to $88.3 million and reduce annual payments, which were originally
projected at $3 million but estimated to go up over the life of the
lease. Still, the move would satisfy neighborhood residents and businesses who were worried the expanded hours would quickly become a financial hassle. CityBeat covered the parking lease and the controversy surrounding it in further detail here.
Republican legislators are reintroducing a bill that would ban abortions in Ohio as early as six weeks after conception,
even though questions remain about the proposal’s constitutionality.
The bill has been dubbed the “heartbeat bill” because it prohibits
abortions after a fetal heartbeat is detected. A federal judge on July
22 blocked a similar law in North Dakota after deeming it
unconstitutional. “The United States Supreme Court has unequivocally
said that no state may deprive a woman of the choice to terminate her
pregnancy at a point prior to viability,” wrote U.S. District Judge
Daniel Hovland, who was appointed to the District of North Dakota seat
by former President George W. Bush in 2002. Health experts generally
agree viability is not reached until 24 weeks into the pregnancy.
Part of the Cincinnati streetcar route could be operational in late 2015, much earlier than the Sept. 15, 2016 date the city previously announced for the entire track.
The Ohio Ethics Commission won’t investigate Gov. John Kasich’s relationship with a company
that received $619,000 in tax credits from JobsOhio because Kasich
supposedly made a clean break from the company upon taking office.
JobsOhio, the privatized development agency established by Kasich and
Republican legislators, has been mired in controversy in the past few
weeks for providing state aid to companies that have direct financial
ties to JobsOhio board members and the governor.
Meanwhile, Kasich is fueling speculation that he will run for president in 2016.
Cincinnati mayoral candidate and ex-Councilman John Cranley on Thursday unveiled an innovation plan
that he says will boost government transparency and help foster
Cincinnati’s newly gained reputation as a tech startup hub. The plan
would take $5 million in capital funds over four years and ask local
startup incubators Cintrifuse, The Brandery and CincyTech where they
would like to see the money going. It would also call for hiring a chief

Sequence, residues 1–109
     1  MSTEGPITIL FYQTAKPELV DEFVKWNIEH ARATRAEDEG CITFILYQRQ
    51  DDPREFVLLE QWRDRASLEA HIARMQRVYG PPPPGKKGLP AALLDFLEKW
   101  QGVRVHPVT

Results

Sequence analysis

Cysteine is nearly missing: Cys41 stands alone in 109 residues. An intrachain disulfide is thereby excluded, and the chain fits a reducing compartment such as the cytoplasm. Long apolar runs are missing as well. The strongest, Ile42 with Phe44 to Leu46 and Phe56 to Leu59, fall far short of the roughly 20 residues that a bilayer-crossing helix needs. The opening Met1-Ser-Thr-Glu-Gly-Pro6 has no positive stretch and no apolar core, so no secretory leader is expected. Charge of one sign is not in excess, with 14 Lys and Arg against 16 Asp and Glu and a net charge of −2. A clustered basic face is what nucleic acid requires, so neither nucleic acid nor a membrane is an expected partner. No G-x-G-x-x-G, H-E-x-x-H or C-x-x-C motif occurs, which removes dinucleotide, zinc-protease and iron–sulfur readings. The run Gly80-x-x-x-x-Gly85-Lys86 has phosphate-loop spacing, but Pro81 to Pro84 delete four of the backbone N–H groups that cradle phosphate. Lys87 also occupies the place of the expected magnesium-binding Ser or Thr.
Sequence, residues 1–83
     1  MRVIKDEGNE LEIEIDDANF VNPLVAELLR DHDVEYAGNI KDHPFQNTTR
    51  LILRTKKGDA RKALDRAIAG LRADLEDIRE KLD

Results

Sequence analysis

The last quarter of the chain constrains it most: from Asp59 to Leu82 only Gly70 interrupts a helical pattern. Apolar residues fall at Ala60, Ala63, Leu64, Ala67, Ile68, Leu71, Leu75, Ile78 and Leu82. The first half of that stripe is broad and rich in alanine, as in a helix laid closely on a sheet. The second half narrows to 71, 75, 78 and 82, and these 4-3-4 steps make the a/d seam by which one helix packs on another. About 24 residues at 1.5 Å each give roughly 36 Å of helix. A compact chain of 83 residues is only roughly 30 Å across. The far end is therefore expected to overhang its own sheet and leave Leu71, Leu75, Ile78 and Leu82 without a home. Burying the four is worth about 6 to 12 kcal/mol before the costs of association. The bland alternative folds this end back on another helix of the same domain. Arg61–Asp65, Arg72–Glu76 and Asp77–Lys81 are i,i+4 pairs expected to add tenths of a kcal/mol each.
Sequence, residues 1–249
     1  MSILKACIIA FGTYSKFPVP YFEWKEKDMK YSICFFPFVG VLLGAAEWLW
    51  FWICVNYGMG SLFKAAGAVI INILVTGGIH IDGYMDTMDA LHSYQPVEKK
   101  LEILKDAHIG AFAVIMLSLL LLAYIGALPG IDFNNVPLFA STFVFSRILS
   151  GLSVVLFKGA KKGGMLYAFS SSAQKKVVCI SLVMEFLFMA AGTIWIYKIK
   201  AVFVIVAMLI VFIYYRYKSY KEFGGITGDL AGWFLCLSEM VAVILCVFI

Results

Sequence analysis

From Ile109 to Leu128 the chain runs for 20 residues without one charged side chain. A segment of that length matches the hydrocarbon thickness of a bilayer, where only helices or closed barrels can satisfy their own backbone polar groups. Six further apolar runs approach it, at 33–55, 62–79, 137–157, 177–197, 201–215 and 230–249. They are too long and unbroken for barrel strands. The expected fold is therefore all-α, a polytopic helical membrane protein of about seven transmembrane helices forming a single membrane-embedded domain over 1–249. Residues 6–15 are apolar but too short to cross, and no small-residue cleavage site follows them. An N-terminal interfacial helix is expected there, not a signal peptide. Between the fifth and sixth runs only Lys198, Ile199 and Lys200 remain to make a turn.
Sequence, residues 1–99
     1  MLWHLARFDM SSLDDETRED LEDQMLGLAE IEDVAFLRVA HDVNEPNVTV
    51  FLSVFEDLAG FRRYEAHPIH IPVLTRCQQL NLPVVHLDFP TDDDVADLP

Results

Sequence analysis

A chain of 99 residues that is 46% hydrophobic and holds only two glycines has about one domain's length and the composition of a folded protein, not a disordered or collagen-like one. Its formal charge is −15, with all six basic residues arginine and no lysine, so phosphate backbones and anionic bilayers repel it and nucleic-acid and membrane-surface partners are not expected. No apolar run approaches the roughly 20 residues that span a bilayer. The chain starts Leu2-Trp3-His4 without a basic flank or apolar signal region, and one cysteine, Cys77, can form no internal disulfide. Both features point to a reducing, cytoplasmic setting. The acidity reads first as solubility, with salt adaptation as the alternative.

innovation officer (CIO) and creating “CincyData,” a transparency
initiative that would gather and publish city data to create “a more
efficient, effective and user-friendly City government.” Under the plan,
both the CIO position and CincyData would be leveraged to find new ways
to carry out city services in the hopes of running the local government
Cincinnati Public Schools’ ratings are likely to dip
as the school district transitions into Common Core standards and a
new state report card system. Superintendent Mary Ronan says the
district is doing well but needs to work on getting kids’ reading scores
up to grade level. CityBeat originally covered the ratings drop here and some of the hurdles faced by CPS in the past few years here.
New data show the growth of health care costs is slowing down in the Cincinnati area.
Ohio will come up with a new plan to execute condemned inmates
no later than Oct. 4 to deal with the state’s expiring supply of drugs
used to carry out capital punishments. Specifics were not detailed in
Procter & Gamble is recalling dog and cat food because some of the product may be contaminated with Salmonella.
Science confirmed pulling out is a bad way to avoid pregnancy.
by German Lopez
DOMA struck down, more anti-abortion measures added to budget, local employment rises
The U.S. Supreme Court struck down the federal Defense of Marriage Act
today in a broad ruling that requires the federal government to
recognize same-sex marriages for couples who reside in a state where
same-sex marriage is already legal. The ruling effectively extends equal
protection rights to same-sex couples. For gay and
lesbian Ohioans, that means same-sex marriage must be legalized in Ohio
before the federal government is required to recognize it. FreedomOhio
is already aiming to legalize same-sex marriage in the state with an
amendment that could be on the ballot this year, which CityBeat covered in an in-depth report here.
Republican state legislators added another anti-abortion measure
to the state budget yesterday, which will require doctors to perform an
external ultrasound for a heartbeat then inform the patient if one is detected. The provision is in addition to other anti-abortion
measures already in the budget, including less funding for Planned
Parenthood, funding for anti-abortion crisis pregnancy centers and regulations that will allow the state health director to shut down abortion
clinics. CityBeat covered those measures in further detail here. “This is continuing to go way overboard by a majority obsessed with abortion,” said Rep. Mike Foley (D-Cleveland).
Cincinnati-area employment dramatically increased in May,
up 6,400 from April and 5,400 from the year before, according to new
data from the Ohio Department of Job and Family Services. Although the
unemployment rate went up between April and May, it went down year over
year — the measure economists prefer to look at to control for seasonal
factors, such as hiring picking up during the summer because of outdoors
work.StateImpact Ohio says the new tax plan in the proposed 2014-2015 budget could make it more difficult
to pass future school levies. The plan cuts income taxes for all
Ohioans and particularly business owners, but it raises sales and
property taxes to balance the cuts. CityBeat covered the tax plan in further detail here.
The U.S. Department of Housing and Urban Development (HUD)
is giving Cincinnati a $37 million loan guarantee for economic and
housing development projects that aim to benefit the region’s neediest.
In a statement, HUD estimated some of the economic development projects